But it would seem still more advantageous to adopt a "closed loop" operation or an operation with feedback. In the preferred embodiment of the coupling according to the invention, some parameters of operation of the engine provided with this coupling depend on the relative position of the main shaft of the engine and of the camshaft controlling the opening and closing of the valves. For example, in an internal combustion engine supercharged by at least one turbocompressor unit such as disclosed in the French patent No. 85 16430 of Nov. 6, 1985 (Publication No. 2,589,518), the angle of opening of the (or each) exhaust valve, at the end of the expansion stroke of the piston, determines the temperature of the gases which enter the supercharging turbine of the engine. Thus, anticipating the opening of the exhaust, for a given load of the engine, increases the temperature and the pressure of the gases entering this turbine and, consequently, the pressure of the supercharging air P2.
According to a development of the invention illustrated in FIG. 10, the position of the distributing slide 23 is controlled by at least one parameter of operation of the engine. In particular, the position is controlled by the pressure of the supercharging air P2, for example by causing this pressure to act on one of the transverse faces of this slide 23 and causing a return spring 43 to act on its other transverse face. It is in this way possible to control the pressure of the supercharging air to prevent it, for example, from dropping below a certain threshold. This threshold may be, for example, the minimum threshold permitting the stable operation of an internal combustion engine having a compression-actuated ignition.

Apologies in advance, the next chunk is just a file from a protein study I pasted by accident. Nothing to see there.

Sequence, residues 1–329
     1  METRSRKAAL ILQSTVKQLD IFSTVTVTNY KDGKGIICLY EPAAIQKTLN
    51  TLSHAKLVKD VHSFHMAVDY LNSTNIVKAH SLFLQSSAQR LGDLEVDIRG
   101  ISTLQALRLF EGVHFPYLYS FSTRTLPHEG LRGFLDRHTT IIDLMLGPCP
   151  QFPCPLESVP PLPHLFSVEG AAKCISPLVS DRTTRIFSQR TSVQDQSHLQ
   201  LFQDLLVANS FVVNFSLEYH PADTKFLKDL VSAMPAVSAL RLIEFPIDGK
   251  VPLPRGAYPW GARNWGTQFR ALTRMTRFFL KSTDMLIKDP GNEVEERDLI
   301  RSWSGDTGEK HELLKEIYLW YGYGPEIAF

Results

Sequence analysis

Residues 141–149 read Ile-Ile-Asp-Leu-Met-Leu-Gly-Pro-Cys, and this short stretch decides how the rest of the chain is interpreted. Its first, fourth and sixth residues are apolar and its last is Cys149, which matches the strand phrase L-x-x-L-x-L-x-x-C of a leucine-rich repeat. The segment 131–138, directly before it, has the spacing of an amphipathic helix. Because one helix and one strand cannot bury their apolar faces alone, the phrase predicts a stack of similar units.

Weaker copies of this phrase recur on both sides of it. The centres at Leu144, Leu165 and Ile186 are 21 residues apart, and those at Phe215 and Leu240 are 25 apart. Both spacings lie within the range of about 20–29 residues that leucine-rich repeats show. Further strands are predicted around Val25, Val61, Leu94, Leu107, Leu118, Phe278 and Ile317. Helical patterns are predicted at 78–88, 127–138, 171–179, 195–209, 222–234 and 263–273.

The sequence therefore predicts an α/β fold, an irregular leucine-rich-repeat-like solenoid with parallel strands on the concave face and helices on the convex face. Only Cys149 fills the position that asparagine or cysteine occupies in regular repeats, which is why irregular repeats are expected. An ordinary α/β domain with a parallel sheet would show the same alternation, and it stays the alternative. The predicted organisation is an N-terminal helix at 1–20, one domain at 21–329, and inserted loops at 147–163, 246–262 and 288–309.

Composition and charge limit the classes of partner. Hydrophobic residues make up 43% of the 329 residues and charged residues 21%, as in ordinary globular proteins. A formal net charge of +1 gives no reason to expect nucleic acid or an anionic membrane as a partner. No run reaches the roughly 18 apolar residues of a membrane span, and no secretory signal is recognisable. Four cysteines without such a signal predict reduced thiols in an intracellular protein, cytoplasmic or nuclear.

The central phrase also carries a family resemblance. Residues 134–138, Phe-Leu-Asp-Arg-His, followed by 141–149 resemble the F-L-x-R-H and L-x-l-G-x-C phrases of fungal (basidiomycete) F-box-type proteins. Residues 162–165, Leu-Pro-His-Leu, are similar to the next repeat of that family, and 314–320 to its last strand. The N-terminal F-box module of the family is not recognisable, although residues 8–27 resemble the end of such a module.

FIG. 11 shows, in an angular diagram where there are indicated in the usual way the top dead center (PMH) and the bottom dead center (PMB) of the piston of a cylinder of an engine equipped with the coupling of FIG. 10, the angle of opening α1 of the exhaust valve of this engine in normal operation and the angle of opening α2 of the same valve when operating at low pressure.
The opening of the exhaust is designated by OE and the closure of the exhaust by FE, and these symbols have the same index as the angles of opening.
In operating at high power, the supercharging pressure, which is high, acts on the distributing slide 23 (FIG. 10) which compresses the spring 43 and comes to bear against a mechanical stop 44. In this position, the slide 23 establishes communication in the direction from the chamber 14 to the chamber 13 through the check valve 21. Thus, owing to the transmission of the alternating torque (FIG. 6), each time the pressure in the chamber 14 exceeds that prevailing in the chamber 13, liquid flows from the chamber 14 to the chamber 13. The phase difference between the driving shaft and the driven shaft increases until the vane 17 comes into abutment against the partition 12. In this position, the angle of opening of the exhaust valve, measured relative to the position of the crankshaft at PMH, is maximum (FIG. 11).
In operating at low power, the supercharging pressure progressively decreases with the power developed by the engine until it reaches the value of said threshold below which the stable operation of the engine is no longer assured. In this situation, the action of the spring 43 on the distributing slide 23 overcomes that of the supercharging pressure, which causes the slide 23 to shift toward the right of FIG. 10 up to a stop 36. Consequently, there is an interruption of the cyclic communication in the direction from the chamber 14 to the chamber 13, and the opening of the cyclic communication in the direction from the chamber 13 to the chamber 14. The chamber 13 will progressively empty into the chamber 14, which will result in the reduction in the phase difference between the crankshaft (driving shaft) and the camshaft (driven shaft). Thus, the opening of the exhaust valve will occur earlier in the expansion stroke of the engine piston. This will increase the energy of the exhaust gases and accelerate the supercharging turbine by producing, by counter-reaction, the increase in the supercharging air pressure. This procedure will continue until the supercharging pressure resumes the threshold value assuring the stable operation of the engine.